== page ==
ShortBookandScribes #BookReviews – Small Things Like These and Foster by Claire Keegan

Today I’m sharing my thoughts about Small Things Like These and Foster, both by Claire Keegan and published by Faber & Faber. Both are short reads but pack so much in.

Small Things Like These is currently available in hardcover, eBook and audiobook, with the paperback being published on 3rd November. The copy I read is my own.

Foster is available now in paperback, eBook and audiobook. My thanks to the publishers for the review copy.

Small Things Like These

It is 1985, in an Irish town. During the weeks leading up to Christmas, Bill Furlong, a coal and timber merchant, faces into his busiest season. As he does the rounds, he feels the past rising up to meet him – and encounters the complicit silences of a people controlled by the Church.


A small girl is sent to live with foster parents on a farm in rural Ireland, without knowing when she will return home. In the strangers’ house, she finds a warmth and affection she has not known before and slowly begins to blossom in their care. And then a secret is revealed and suddenly, she realizes how fragile her idyll is.

Winner of the Davy Byrnes Memorial Prize, Foster is now published in a revised and expanded version. Beautiful, sad and eerie, it is a story of astonishing emotional depth, showcasing Claire Keegan’s great accomplishment and talent.

Small Things Like These is a novella, just 128 pages, but it’s perfectly formed and beautifully written. Set in 1985 in the busy run up to Christmas in a small Irish town, coal merchant Bill Furlong goes about his business and home life with his wife and five daughters. A delivery to the local convent leads Bill to consider the control it has over the town which leaves him feeling uncomfortable.

Without giving too much away, Bill’s own situation and what he witnesses have the power to lead him down one of two paths and he has to make the decision based on self-preservation or his conscience. It’s a poignant read and one I won’t forget in a hurry.

Keegan takes the ordinary day to day life for Bill and the residents of the town and combines it with a hint of the extraordinary, the thing that has a hold over everyone and everything. There is something quite distressing about the storyline but underneath it is a sense of hopefulness, and eventually of change. I’m still thinking about Bill and what might have happened next. I thought it was superb.

Foster is a short read which could just about be called a novella. It follows a young girl, sent to stay with relatives of her mother that she doesn’t know whilst her mother gives birth to yet another baby. I felt for the girl who quietly accepts her situation and gets quite used to living with the Kinsellas. As the summer wears on she begins to realise that it is possible to be doted on and a change starts to come over her.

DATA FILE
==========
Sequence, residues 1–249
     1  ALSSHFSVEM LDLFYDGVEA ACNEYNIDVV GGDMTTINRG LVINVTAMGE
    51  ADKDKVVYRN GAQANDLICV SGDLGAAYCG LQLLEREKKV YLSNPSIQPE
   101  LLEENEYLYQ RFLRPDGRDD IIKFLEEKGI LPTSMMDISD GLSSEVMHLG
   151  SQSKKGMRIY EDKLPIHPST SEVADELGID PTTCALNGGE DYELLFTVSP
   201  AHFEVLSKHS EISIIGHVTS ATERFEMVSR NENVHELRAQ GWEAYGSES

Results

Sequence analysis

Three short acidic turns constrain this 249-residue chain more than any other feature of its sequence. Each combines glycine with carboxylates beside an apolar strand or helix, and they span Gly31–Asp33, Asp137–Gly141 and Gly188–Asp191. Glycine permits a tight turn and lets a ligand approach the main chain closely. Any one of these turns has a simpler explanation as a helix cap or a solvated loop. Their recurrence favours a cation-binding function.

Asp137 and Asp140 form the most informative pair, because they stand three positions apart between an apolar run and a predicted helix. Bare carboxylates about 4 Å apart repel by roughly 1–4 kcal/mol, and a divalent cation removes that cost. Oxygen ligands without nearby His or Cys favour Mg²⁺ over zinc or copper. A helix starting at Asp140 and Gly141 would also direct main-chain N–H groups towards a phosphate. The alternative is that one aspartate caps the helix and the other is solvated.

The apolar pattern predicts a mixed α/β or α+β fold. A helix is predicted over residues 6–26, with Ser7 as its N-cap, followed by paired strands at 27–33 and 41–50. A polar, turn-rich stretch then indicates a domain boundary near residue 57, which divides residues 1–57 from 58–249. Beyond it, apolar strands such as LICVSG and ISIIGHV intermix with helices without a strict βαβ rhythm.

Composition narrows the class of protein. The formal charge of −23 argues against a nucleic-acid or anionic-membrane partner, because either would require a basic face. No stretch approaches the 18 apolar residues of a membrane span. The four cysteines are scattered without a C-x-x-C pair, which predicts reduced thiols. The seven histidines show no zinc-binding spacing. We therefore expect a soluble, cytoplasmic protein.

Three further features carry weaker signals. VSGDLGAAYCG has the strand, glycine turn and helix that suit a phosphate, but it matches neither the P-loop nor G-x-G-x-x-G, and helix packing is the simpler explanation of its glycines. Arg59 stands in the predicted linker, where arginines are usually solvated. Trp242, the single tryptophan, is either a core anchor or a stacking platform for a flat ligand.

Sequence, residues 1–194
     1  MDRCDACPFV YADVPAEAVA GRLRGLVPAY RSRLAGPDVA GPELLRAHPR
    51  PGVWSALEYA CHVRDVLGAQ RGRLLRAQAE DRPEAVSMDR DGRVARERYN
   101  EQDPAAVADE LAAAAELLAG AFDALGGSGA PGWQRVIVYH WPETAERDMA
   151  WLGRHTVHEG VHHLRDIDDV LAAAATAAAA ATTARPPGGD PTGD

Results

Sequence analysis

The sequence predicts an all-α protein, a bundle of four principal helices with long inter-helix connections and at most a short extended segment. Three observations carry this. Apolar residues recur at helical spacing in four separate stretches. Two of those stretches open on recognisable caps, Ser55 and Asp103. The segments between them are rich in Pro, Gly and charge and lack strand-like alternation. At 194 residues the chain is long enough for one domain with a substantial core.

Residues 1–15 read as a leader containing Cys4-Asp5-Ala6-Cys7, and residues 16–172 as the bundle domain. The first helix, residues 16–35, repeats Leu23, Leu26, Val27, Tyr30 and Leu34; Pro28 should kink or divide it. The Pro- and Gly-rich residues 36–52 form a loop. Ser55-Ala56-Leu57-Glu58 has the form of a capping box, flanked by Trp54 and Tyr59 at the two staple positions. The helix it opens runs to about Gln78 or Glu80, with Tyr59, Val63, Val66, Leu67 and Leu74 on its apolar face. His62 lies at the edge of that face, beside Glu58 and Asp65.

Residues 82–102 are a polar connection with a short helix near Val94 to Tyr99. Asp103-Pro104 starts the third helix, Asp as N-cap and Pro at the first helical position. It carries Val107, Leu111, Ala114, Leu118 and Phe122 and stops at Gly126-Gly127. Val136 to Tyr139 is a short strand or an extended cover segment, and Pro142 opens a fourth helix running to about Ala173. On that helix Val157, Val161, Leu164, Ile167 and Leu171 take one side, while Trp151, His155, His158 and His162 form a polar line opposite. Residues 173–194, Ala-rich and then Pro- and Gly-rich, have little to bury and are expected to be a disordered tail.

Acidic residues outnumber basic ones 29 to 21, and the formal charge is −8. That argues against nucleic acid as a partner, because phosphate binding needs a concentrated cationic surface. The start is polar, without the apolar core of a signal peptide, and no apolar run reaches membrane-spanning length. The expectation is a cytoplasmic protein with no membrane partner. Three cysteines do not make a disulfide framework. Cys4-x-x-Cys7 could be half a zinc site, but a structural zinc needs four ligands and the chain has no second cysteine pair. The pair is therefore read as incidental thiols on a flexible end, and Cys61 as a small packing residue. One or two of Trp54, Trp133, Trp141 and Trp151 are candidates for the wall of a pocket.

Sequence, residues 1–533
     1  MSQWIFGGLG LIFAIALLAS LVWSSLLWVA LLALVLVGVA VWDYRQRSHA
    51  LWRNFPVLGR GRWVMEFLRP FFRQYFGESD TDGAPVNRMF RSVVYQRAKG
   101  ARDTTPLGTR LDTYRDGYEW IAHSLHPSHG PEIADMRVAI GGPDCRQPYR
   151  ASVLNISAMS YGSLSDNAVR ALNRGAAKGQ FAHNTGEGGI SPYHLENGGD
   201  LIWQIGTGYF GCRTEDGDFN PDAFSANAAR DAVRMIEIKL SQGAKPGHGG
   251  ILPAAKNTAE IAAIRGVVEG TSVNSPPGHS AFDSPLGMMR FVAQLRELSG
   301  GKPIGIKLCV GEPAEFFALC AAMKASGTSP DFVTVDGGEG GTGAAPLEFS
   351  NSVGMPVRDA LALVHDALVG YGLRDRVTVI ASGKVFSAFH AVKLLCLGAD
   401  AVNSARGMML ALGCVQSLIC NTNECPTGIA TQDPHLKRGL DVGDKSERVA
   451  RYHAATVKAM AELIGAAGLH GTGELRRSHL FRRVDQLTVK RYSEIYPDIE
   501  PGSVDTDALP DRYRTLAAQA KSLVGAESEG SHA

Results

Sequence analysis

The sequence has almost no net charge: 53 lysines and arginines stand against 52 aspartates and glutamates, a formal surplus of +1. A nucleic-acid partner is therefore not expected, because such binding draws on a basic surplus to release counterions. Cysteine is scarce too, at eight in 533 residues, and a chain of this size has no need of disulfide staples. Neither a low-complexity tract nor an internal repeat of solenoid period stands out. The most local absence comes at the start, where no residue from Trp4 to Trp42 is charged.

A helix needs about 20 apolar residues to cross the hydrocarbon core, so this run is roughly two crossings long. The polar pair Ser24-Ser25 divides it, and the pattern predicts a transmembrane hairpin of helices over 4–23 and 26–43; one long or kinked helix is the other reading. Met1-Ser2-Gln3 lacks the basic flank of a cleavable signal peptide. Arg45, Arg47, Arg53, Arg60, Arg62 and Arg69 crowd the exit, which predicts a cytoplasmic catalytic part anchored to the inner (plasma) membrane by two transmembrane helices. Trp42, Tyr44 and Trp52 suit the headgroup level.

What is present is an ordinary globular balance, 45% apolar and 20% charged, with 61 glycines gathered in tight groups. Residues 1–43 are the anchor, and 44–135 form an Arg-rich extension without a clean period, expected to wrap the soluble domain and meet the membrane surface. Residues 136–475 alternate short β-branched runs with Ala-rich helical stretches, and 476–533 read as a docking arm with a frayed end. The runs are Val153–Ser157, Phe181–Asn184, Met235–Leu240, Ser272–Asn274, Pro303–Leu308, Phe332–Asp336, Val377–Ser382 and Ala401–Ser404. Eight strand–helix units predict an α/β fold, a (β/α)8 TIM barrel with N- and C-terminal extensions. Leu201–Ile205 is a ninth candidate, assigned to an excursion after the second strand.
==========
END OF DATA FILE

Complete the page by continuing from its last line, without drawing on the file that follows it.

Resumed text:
I thought this was a lovely little read, very evocative of rural Ireland and the communities there. There’s a sadness to the story but there’s also a warmth created by the coming together of the Kinsellas and the girl. I found the whole thing touching and gentle.

I must confess I didn’t at first understand the ending and read it several times to no avail but a quick search on the internet helped me to make sense of what it might have meant. Maybe a tad too vague a finish for me. On the whole though I thought Foster was a sensitive portrayal of childhood and illustrated the effects of different kinds of upbringings.

Claire Keegan’s stories are translated into thirty languages. Antarctica won the Rooney Prize for Irish Literature. Walk the Blue Fields won the Edge Hill Prize, awarded to the best collection of stories published in the British Isles. Foster won the Davy Byrnes Award, one of the richest literary prizes in the world, and was last year chosen by The Times as one of the top fifty works of fiction to be published in the twenty- first century. Small Things Like These was shortlisted for the 2022 Booker Prize, and for the Rathbones Folio Prize, awarded for the best work of literature, regardless of form, to be published in the English language, and won the Kerry Group Irish Novel of the Year Award and the Orwell Prize for Political Fiction.


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